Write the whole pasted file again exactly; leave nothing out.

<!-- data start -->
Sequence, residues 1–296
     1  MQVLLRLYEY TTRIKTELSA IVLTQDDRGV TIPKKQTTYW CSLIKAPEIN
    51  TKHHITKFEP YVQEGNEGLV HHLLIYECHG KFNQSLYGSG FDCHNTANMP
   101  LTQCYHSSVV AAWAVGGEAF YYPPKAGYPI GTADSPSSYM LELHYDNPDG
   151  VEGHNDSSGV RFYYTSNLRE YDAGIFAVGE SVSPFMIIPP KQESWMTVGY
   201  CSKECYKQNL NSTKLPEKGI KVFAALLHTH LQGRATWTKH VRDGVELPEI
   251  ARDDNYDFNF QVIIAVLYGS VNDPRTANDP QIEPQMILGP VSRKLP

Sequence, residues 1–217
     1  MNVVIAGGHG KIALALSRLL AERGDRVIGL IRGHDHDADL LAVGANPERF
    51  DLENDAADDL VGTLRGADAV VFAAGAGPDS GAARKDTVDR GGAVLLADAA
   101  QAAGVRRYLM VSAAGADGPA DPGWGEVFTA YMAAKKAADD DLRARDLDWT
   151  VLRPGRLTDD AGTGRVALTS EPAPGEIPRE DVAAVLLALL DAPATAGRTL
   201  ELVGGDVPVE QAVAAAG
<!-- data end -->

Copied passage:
Sequence, residues 1–296
     1  MQVLLRLYEY TTRIKTELSA IVLTQDDRGV TIPKKQTTYW CSLIKAPEIN
    51  TKHHITKFEP YVQEGNEGLV HHLLIYECHG KFNQSLYGSG FDCHNTANMP
   101  LTQCYHSSVV AAWAVGGEAF YYPPKAGYPI GTADSPSSYM LELHYDNPDG
   151  VEGHNDSSGV RFYYTSNLRE YDAGIFAVGE SVSPFMIIPP KQESWMTVGY
   201  CSKECYKQNL NSTKLPEKGI KVFAALLHTH LQGRATWTKH VRDGVELPEI
   251  ARDDNYDFNF QVIIAVLYGS VNDPRTANDP QIEPQMILGP VSRKLP

Sequence, residues 1–217
     1  MNVVIAGGHG KIALALSRLL AERGDRVIGL IRGHDHDADL LAVGANPERF
    51  DLENDAADDL VGTLRGADAV VFAAGAGPDS GAARKDTVDR GGAVLLADAA
   101  QAAGVRRYLM VSAAGADGPA DPGWGEVFTA YMAAKKAADD DLRARDLDWT
   151  VLRPGRLTDD AGTGRVALTS EPAPGEIPRE DVAAVLLALL DAPATAGRTL
   201  ELVGGDVPVE QAVAAAG